The shorter the feeding lasts and the less milk is sucked out, the more your brain thinks it’s time to reduce milk production until pumping breast milk becomes a thing of the past (until the next baby comes into view, of course!)

Again though, you shouldn’t be reducing the pumping session duration too quickly, otherwise you’ll run into the same problems as going cold turkey would.

You’d be achieving the adverse effect – instead of lowering your milk supply, it will stay the same and not enough will end up being pumped out, resulting in breast engorgement and other problems.

Shaving a quarter of the time per week would be my best suggestion. That’s how I went about it after seeking help from my lactation consultant.

It’s not too quick of a cutoff, but it’s still significant enough that you’ll be able to end your pumping journey in about a month or so, give or take a few weeks.

Of course, not all sets of boobs are the same. Some women might be able to cut off more time per week when weaning from pumping and some less.

Pay attention to how your breasts feel and see that it doesn’t hurt, then increase or decrease accordingly.

4. Spreading The Remaining Sessions Further Apart

Woman holding a babay and a manula breast pump while sitting on sofa

This one is mostly a supporting step rather than a standalone one. When you’re decreasing your sessions or decreasing session times, you’ll have more wiggle room.

Use it to space them further apart so your breasts can ease into the lower milk production a lot better when they see that they don’t really need to produce that much milk anymore.

This is especially helpful if you’re a mom who is doing exclusive pumping, because the moment these small gaps start popping up when you start your weaning from pumping, you’ll start feeling relief.

While all four of these methods can function as good ways on their own, it’s best to incorporate a little bit of each for the most beneficial and issue-free weaning process.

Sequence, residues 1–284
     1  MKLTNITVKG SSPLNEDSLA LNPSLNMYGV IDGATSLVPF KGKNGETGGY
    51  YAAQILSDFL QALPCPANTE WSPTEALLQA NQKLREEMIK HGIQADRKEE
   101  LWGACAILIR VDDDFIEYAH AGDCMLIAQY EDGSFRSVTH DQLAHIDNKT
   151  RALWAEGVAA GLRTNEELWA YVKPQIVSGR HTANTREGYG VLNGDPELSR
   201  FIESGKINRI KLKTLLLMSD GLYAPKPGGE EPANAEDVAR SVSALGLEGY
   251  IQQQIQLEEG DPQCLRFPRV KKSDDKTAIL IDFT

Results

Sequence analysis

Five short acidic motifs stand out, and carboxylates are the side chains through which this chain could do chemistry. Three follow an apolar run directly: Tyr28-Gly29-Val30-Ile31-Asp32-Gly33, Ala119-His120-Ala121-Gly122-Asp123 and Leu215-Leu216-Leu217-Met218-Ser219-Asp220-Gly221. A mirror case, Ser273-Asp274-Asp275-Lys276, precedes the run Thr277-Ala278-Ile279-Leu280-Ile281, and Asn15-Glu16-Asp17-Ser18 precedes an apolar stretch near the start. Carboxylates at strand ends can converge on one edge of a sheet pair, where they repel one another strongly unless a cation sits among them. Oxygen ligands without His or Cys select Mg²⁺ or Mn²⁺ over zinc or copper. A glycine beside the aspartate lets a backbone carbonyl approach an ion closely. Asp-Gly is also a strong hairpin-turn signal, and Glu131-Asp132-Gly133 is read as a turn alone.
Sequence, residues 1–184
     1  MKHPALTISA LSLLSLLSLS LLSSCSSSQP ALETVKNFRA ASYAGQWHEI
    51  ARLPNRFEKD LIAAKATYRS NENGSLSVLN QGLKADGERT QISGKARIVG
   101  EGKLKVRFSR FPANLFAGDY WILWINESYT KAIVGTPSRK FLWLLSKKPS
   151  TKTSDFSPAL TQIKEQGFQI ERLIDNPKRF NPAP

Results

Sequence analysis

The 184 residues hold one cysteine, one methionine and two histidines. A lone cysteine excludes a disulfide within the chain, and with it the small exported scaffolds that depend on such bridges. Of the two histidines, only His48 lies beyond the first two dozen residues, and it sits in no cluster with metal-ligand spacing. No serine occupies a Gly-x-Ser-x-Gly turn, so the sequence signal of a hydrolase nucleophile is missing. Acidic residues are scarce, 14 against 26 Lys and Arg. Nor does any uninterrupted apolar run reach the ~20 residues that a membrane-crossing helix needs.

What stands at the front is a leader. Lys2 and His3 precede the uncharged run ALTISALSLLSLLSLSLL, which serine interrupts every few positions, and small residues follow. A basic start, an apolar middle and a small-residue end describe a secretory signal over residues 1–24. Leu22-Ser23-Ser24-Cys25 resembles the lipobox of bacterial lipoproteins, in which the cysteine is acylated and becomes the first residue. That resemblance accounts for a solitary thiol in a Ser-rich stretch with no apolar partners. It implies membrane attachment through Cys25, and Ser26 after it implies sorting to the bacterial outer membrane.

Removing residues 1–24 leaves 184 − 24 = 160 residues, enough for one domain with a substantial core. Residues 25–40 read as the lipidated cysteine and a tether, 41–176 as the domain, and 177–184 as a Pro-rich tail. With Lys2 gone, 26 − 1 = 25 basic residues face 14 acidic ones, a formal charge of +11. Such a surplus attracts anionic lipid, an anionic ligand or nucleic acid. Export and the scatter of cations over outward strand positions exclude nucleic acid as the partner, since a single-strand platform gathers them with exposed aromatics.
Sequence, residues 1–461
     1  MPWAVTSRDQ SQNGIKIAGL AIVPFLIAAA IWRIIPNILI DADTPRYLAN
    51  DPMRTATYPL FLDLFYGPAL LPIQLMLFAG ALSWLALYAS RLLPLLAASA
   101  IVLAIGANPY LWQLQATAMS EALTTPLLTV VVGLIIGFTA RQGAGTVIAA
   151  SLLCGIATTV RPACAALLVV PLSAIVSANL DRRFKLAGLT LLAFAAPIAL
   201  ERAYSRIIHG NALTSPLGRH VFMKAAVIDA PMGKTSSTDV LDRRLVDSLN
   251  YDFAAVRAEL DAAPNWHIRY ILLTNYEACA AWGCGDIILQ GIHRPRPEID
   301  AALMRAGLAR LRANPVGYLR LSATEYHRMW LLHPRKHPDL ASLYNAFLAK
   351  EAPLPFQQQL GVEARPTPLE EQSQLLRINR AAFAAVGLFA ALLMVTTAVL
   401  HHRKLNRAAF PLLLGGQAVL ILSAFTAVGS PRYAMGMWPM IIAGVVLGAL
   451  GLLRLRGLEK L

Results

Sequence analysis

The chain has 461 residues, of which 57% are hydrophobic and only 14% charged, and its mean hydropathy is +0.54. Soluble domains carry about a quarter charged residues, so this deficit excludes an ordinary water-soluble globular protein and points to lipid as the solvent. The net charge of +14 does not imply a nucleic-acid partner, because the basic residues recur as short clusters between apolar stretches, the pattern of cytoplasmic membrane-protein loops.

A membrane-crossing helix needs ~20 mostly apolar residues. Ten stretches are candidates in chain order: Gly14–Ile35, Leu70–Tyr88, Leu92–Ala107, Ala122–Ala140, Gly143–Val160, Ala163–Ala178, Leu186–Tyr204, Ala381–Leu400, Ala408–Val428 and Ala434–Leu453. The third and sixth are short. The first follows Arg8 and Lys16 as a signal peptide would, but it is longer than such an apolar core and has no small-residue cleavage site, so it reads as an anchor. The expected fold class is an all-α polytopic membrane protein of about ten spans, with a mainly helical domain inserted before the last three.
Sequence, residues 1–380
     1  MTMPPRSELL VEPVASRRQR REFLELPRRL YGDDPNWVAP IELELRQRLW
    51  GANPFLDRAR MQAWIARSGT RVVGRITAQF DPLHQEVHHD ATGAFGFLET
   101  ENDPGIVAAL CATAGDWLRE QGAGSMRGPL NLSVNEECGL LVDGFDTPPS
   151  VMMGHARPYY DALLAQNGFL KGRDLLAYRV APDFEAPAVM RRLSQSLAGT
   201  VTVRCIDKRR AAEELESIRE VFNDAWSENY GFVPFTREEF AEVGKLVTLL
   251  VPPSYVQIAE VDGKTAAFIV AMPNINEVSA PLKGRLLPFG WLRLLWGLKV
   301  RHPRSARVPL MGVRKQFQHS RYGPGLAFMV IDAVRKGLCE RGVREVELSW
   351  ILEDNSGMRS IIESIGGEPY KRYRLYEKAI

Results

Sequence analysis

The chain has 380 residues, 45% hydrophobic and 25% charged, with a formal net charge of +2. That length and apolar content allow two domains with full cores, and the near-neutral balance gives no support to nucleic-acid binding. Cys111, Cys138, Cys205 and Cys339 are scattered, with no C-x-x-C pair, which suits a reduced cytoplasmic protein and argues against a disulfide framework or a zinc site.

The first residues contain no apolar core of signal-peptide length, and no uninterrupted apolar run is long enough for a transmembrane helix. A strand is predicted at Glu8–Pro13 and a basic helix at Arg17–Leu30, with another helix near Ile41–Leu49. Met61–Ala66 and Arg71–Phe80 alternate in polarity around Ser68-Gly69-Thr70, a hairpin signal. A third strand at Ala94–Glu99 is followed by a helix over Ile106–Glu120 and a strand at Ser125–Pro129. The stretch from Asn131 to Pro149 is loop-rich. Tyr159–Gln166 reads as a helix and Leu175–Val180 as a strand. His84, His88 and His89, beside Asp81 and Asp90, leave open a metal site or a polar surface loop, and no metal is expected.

Rinse And Repeat Until You Can Stop Pumping

labeled breast milk for exclusive pumping

There’s not much else for you to do once you’ve experimented enough to see what the most effective weaning method for you is.

All that’s left for you is to repeat as necessary until done – that’s pretty much all there is to it.

Four different methods, some more efficient than others, and all of them spectacular when used in combination with one another to provide you with an easier time.

Your freezer stash will slowly diminish and will serve as some sort of progress bar for you to see how close you are from finally ditching the breast pump – trust me, it’ll feel like a sort of personal achievement.

Alternatively, you can represent your pumping sessions visually and start crossing them off as you go through week by week, eliminating one after the other until there are none left.

Remember To Be Patient And Look Out For Signs Of Inflamed Breast Tissue

woman with breast pain, touching red sore zone on her chest

If at any point you start feeling some odd pain or burning sensation in your breast area, hold on for a bit.

You may need to readjust your method as something you’re doing might be a bit too fast for your body to adjust.

These are signs that you might be suffering from mastitis or clogged milk ducts, which is what we’re specifically trying to avoid.

This isn’t a race to see who can stop pumping the fastest, especially considering you’re the only one running.

Be patient about it; it won’t get away from you.

Much like running, you need to find a pace that suits you and stick to it. Sometimes you might be able to go for a small sprint, but nothing too far that will leave you aching.

Just stick to that optimal tempo and you’ll get off the pump quickly and with hopefully zero complications.

EXTRA: Other Things That Can Help You Lower Milk Supply The Natural Way

Cabbage Leaves

Fresh cabbage for breast

Yes, cabbage leaves of all things – something that women use when having to deal with breast engorgement, mastitis, and similar issues.

I know it sounds silly since all of this alternative medicine stuff is all around us trying to fill our heads with nonsense, but there does seem to be some merit to this method.

It really did help me deal with milk oversupply when I had issues with it.

The basic process is to rinse two leaves out and then refrigerate them or cool them down in any way.